When I finally came home again, the lights were out, which I should have expected. It was strange—the same kind of strange as when you stumble across something you loved as a child, a toy, a favorite stuffed animal, a place you used to play, and you see how it’s changed, how small it’s become, how staid of color, how lonely. Cold clung to everything, as did the shadows that waited for me like the family that had once lived here. All was still, and the stale stench of ten years’ dust reminded me of how long it’d been.
I stepped inside and shut the door behind me. The lock caught the way it always had, and I opened the door and then closed it again, harder, to make it latch. There were curtains over the windows, but they were thin, and the lights from the neighbors’ houses came through in moving reds and yellows that hung in the air, never seeming to touch the floor or furniture. When I took a step, the floor groaned, and my heart beat faster. Why was I here? Why was I doing this?
At the foot of the stairs, my mother’s cane hung from the banister. I touched it and set it swinging, just a little, just enough. The movement made the house feel different. Not quite alive, just different. Upstairs were more shadows and bedrooms and memories that I didn’t want to face. Not tonight.
When I moved into the living room, everything was as it had been, and I wondered where the time had gone. It had passed so quickly, but that’s the speed of life I’ve learned, too fast. In here the cold sat, and moving through it was like wading through something solid. My toes and fingers ached with the same cold that numbed my nose and ears. I removed my scarf and set it on the back of the couch. I bent to turn on the light, but it didn’t work. Why did I think it would?
Dust-dimmed tinsel dripped from the dry tree’s gnarled branches like bracelets from elderly hands, ornaments like gaudy jewelry, and I had to turn away. The needles had all aged brown. They carpeted the floor beneath the tree, rising and falling where the gifts had been, the gifts we’d never opened. My mouth was dry, and I took off my gloves and set them on the end table. Then my coat, which I laid across the back of my father’s favorite chair.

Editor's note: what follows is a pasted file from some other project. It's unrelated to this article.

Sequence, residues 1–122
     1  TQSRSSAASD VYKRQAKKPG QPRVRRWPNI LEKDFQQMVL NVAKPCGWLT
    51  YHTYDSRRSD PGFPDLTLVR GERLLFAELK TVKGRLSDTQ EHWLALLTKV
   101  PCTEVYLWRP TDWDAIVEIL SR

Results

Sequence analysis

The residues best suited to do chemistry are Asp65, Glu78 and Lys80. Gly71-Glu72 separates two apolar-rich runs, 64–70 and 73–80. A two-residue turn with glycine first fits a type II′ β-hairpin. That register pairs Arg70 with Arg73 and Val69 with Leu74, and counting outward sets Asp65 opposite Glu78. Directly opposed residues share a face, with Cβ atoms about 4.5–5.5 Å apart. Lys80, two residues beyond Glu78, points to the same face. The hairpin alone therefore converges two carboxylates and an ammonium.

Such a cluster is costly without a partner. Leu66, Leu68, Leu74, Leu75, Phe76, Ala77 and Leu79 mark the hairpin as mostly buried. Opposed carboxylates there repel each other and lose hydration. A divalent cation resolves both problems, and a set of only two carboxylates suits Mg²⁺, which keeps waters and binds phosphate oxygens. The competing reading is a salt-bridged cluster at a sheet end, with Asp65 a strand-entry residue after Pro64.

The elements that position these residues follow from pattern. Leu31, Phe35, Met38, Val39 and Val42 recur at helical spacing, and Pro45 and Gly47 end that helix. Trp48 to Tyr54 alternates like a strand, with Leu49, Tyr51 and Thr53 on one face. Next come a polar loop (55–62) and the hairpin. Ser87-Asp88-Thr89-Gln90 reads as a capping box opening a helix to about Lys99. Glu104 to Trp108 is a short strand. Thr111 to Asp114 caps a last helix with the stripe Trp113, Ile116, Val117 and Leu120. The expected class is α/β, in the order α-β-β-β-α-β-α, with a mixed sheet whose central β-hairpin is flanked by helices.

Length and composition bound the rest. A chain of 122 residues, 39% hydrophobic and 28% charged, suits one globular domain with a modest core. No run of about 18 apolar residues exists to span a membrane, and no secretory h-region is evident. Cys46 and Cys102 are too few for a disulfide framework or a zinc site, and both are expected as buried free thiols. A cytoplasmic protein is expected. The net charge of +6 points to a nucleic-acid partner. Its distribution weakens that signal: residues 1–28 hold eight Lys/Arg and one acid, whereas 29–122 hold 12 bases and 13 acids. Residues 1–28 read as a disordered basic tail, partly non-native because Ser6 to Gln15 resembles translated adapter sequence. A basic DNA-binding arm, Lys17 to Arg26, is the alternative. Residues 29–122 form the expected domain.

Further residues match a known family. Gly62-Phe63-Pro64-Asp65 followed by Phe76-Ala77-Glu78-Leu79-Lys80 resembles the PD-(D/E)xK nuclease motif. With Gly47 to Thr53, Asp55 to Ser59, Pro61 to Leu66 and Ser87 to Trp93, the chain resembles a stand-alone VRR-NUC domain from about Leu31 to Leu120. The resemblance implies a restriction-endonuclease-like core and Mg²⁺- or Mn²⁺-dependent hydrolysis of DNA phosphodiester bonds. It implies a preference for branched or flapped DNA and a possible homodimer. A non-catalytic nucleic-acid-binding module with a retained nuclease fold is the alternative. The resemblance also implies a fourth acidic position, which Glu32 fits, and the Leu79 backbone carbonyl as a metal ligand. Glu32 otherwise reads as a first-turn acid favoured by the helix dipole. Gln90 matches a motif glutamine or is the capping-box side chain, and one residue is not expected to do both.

The lights from next door moved as though chasing each other, and I watched them hazily through the curtained window. Somewhere outside a bell rang, then again. Mother had always liked bells. I’d taken her favorite. It sat on the mantle in my bedroom. I knelt down, and the cold floor hurt my knees.
I wasn’t as young as I’d once been.
I brushed the needles from the largest gift, still wrapped. Its paper, a solid, metallic green, caught the neighbor’s chasing lights in a way that made me smile, but it was a strange smile, because I wasn’t happy. I was . . . here. I was doing what I needed to do, finally. The present was for my brother, and I pushed it aside. The next one, smaller, and gold, was for me. Touching it, I felt the way I had as a child sitting in this exact same spot on Christmas morning. My heart beating quickly, my hands shaking. Looking back at my parents, both smiling, which is how I imagined them now, smiling at me, waiting for me to open my present. My chest felt tight, and a tear cooled my left cheek. I tore into the wrapping.
Ten years before, I’d been in college, a musician, but that dream, like so many others had come and gone like a good day, fading into a painted sky, and then disappearing beneath a crisp moon. The gift was a tuning fork, a small one. I swiped the tears from my cheeks, afraid they’d freeze there, and then I banged the fork on my knee. It hummed, and I pressed its end to the wood floor, and my childhood home took up the sound. Outside, the bells came again, and together with that one note, they sounded a symphony. I held the fork until the note died. The bells clanged once more, then again, and then they too were silent. In that still moment, when the world and I held our breaths, waiting, the movement of the lights changed.